Yes, I spent a period where I was Mac as well. But then I started getting issued PCs. The reason editorial works with PC is becasue they're less expensive, and if you're primary use is Word and the Internet, the PCs are good enough. As for art, for years they insisted on Mac because the graphis and publishing programs that worked on PCs were not adequate to the job.
The graphics and publishing programs on PCs are still not good enough, AFAIK, all publishing art departments use Macs. Re editorial, I think the main reason was cost. As a writer, Mac is just plain easier and more intuitive to use, even after the switch to Intel and OSX (although much less so than on the PPC platform).
I'm still on a PPC, although it's UNIX-based OSX, and that's not as intuitive as the proprietary System 9 and previous generations, either in the OS or in Word. The few times I've tried to use my husband's Intel OSX it's been a lot worse. OTOH, switching from either platform to the other requires a lot of adjustment, although it's apparently a lot worse from Mac to PC than the reverse.
Yes, I think you're right, Ann, about ti being harder to go from Mac to PC than the reverse. I has surprised me to see friends recently have trouble with Apple. This includes the iPhone and the iPad. I still find Apple fairly easy. I thought the Blackberry was way more difficult than the iPhone.
Beth, the issue of content creation is one that comes up a lot. I was looking at a gaming software solution for a project that was not really a game. The game development environment is great, but a lot of the work is creating the objects that go into the game. Engineering is a creative process by its nature, but it is a problem solving creativity. There is a different type of creativity that goes into making the shapes that you would want to print. This could be a useful acquisition.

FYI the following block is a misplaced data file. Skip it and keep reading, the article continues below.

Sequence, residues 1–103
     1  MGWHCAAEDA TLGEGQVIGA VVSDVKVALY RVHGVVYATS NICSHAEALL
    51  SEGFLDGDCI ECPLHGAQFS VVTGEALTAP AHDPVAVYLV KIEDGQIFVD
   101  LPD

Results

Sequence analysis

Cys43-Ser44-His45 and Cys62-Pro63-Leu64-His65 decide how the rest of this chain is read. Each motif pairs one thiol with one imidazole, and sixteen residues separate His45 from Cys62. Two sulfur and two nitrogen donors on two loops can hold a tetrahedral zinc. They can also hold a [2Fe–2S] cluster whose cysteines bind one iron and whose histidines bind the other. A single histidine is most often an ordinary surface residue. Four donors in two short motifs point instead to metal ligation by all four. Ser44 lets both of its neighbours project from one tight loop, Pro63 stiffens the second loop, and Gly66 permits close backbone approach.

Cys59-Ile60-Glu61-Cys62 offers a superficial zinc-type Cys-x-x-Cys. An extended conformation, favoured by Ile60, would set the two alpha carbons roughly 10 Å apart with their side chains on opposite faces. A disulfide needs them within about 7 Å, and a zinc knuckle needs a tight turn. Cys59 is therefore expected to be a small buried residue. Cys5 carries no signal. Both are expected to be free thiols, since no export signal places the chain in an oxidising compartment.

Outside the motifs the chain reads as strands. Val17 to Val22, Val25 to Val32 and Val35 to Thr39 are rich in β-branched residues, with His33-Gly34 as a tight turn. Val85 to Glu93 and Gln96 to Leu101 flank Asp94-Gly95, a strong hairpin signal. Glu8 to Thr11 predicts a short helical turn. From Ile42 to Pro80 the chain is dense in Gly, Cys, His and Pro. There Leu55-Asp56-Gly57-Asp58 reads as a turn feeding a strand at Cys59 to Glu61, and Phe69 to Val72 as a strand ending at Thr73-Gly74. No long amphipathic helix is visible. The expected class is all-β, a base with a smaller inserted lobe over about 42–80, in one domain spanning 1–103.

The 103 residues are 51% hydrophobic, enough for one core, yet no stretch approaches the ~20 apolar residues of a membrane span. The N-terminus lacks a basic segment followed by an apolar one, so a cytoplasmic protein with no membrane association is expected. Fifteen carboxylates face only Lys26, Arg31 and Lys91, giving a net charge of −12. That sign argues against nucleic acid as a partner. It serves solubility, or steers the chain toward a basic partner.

Your raise a good point, Naperlou. Not all engineers can think creatively from both a problem solving standpoint and a creative design standpoint. That said, This particular technology is really more to whet the appetite of the consumer/hobbyist/do-it-yourself market for 3D printing, inclusive of some enterprising engineers, I would think.
The content creation piece is one of the holes, however. Even as these 3D printers get cheaper and easily to use and maintain, the software to build the 3D models of what's printed is still more sophisticated than the average Joe. That's where technology like Robot Nation comes in. It doesn't require knowledge of CAD or any other sophisticated 3D design tool.
I have been watching this technology for awhile now. All of the 3d printing. It seems to be just plastics and modeling. I would like to think they could adapt this to print liquid metals such as aluminum. Then you would be able to make actual useable parts. Now that would be something!
@cadmanLT: Actually, I think they've come a way in terms of offering alternative kinds of materials other than the plastics. Some of the 3D printing services like Shapeways specialize in metal material choices--they're big in for consumer-oriented innovators like jewelry makers.
@CadmanLT: My guess is that the consumer-oriented printing services may not be as precise as some of the manufacturing-oriented print services like RedEye and others. I could be wrong, but I would imagine those manufacturing hardcore parts would have some real questions.
I will say though, that even at this point I would love to have one. So the act of making them affordable to everyone is a good one. Although I doubt most would want one I know anyone into 3d modeling and CAD would love to own one. If even just to show what they can make!
For industrial control applications, or even a simple assembly line, that machine can go almost 24/7 without a break. But what happens when the task is a little more complex? That’s where the “smart” machine would come in. The smart machine is one that has some simple (or complex in some cases) processing capability to be able to adapt to changing conditions. Such machines are suited for a host of applications, including automotive, aerospace, defense, medical, computers and electronics, telecommunications, consumer goods, and so on. This discussion will examine what’s possible with smart machines, and what tradeoffs need to be made to implement such a solution.